Have you ever had to take a shade out of a collection that you’ve really loved?

Sure, all the time. I have a bag filled with “to be continued.” And I actually have one that I’m still really excited if we ever do it. I was told that I have very expensive taste because the pigment in it and the amount of pearls was double the price.

When you present the collection, has there ever come a point where you had to rock, paper, scissors between colours? Like, “I want this one,” but someone else says, “Well we want this one.”

We definitely get to those moments where there’s that push-pull.

How do you decide?

I mean, I think, at the end of the day, you want it to be a team decision. I need to lean on the Essie team to really guide me as well. So if they feel really strongly that something will work, then I’m going to take their lead. I’m not going to be a dictator about it.

Is there a formula for creating a collection?

I always start with a mood board or an inspiration. From there, I have a huge leather library — I prefer to work with colour and leather versus pantone chips, which can be flat. So I’ll just start pulling colours that really speak to the board and then I make sure that I haven’t gone in a sideways way and go look at trend reports and trend forecasts. I also look at what’s worked and what hasn’t worked, what failed and what didn’t, what the sell-throughs were on my collection that have been good and bad and why. Then I go back and make sure that I didn’t mirror anything that we’ve done in a previous season that’s too similar. By the time that’s all said and done I probably have 10 to 12 colours.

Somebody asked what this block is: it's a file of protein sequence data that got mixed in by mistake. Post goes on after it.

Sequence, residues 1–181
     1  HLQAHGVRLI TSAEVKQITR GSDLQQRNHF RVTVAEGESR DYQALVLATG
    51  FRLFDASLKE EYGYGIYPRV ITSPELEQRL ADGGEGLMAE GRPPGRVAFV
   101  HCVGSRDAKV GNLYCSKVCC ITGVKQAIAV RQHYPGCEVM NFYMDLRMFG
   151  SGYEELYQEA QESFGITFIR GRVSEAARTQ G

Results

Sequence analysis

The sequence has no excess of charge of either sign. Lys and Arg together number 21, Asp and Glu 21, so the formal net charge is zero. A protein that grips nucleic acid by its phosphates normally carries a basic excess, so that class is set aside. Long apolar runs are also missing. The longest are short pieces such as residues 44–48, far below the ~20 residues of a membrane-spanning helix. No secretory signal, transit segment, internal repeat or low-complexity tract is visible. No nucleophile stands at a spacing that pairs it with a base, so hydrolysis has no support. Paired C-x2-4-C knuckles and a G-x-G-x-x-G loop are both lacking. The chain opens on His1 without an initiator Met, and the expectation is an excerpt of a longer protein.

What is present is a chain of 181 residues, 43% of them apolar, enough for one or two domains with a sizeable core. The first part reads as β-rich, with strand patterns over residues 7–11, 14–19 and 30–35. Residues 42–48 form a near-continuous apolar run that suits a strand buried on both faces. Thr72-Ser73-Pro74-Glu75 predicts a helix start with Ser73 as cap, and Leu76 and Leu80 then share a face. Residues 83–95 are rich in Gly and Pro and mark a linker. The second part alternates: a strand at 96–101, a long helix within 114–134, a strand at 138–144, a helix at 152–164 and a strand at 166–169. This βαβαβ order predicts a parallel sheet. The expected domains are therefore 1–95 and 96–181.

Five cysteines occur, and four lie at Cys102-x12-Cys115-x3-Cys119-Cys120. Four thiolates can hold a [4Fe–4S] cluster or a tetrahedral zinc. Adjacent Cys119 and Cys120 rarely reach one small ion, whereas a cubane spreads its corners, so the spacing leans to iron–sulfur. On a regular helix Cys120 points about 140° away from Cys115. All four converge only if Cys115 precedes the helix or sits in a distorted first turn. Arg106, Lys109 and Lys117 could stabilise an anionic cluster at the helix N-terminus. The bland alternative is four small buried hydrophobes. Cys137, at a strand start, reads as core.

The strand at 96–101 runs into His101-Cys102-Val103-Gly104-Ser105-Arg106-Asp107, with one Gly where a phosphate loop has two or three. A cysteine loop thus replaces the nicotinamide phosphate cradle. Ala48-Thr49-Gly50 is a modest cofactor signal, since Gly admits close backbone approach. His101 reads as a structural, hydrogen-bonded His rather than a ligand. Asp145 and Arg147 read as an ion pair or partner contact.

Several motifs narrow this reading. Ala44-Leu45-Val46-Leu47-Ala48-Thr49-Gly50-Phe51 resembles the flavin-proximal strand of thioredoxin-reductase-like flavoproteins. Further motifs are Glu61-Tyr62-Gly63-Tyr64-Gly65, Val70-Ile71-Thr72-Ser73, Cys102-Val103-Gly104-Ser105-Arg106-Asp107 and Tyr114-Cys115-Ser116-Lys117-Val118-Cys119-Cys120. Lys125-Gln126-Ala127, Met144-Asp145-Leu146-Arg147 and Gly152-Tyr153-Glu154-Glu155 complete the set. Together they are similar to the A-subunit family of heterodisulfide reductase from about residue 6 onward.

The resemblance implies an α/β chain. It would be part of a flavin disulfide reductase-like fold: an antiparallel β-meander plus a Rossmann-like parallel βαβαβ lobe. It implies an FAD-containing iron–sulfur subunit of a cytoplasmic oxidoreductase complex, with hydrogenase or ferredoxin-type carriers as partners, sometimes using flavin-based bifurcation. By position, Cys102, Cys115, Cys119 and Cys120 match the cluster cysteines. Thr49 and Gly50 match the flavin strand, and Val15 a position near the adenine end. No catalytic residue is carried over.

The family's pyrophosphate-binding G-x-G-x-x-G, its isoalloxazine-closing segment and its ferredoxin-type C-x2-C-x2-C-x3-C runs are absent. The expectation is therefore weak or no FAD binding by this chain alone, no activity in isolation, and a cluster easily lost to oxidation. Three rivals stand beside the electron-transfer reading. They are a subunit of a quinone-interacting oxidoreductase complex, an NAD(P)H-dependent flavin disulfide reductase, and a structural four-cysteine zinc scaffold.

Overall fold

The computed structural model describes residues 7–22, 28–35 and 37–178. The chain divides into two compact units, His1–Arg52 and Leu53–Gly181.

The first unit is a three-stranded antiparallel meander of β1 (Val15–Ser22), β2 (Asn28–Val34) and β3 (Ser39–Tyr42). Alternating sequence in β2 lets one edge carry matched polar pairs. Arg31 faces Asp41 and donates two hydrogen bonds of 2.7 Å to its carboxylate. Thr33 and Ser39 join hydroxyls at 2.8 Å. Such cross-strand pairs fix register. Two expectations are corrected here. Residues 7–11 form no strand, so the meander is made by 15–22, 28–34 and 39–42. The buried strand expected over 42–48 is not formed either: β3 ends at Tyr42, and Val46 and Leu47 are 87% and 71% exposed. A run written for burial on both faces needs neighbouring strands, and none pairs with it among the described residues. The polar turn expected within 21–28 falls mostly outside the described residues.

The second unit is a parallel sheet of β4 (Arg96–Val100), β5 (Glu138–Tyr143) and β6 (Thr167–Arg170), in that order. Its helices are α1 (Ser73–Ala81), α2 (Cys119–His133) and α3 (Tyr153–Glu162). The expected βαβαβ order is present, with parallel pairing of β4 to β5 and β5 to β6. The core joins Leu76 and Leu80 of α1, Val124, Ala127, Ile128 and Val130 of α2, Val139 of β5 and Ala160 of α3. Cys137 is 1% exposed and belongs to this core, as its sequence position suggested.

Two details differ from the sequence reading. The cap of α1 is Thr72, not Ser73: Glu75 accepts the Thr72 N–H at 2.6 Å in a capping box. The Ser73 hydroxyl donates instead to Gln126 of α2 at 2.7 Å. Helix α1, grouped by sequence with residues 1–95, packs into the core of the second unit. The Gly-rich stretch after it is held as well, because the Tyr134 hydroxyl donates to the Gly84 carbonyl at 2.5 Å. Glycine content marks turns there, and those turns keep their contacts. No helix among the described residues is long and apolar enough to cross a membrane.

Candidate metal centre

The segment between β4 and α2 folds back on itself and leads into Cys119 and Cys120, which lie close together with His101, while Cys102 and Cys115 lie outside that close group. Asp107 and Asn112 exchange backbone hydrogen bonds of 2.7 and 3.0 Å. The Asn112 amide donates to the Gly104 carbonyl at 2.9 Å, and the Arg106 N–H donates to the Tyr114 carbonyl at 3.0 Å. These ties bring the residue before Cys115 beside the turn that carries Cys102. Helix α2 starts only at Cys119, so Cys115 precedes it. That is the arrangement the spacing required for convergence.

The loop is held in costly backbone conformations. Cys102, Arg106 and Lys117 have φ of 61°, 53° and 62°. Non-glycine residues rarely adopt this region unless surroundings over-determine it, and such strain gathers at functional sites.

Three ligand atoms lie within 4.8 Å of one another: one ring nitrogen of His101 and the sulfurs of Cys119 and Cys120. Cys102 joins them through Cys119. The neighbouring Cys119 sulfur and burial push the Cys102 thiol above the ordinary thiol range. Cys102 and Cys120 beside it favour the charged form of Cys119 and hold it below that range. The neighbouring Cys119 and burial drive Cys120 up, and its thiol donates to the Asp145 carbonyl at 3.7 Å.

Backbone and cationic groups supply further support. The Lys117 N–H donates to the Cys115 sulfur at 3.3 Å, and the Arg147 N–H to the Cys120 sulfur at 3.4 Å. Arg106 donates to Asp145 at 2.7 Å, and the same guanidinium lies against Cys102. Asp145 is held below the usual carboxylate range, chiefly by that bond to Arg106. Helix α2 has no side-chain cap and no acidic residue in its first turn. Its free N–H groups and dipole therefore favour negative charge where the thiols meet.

Where else would you be inspired to pull colours? It can be theoretical it doesn’t have to be actual collections like some places that you’ve travelled to that you would also love to.

I haven’t done the Bahamas yet, and I love the Bahamas.

That would be a great resort collection.

Yes, totally. I haven’t done anything with Korea or with Turkey. I’ve never been to South America, but I’d like to go. The amazon I feel like could be a very inspiring place for sure.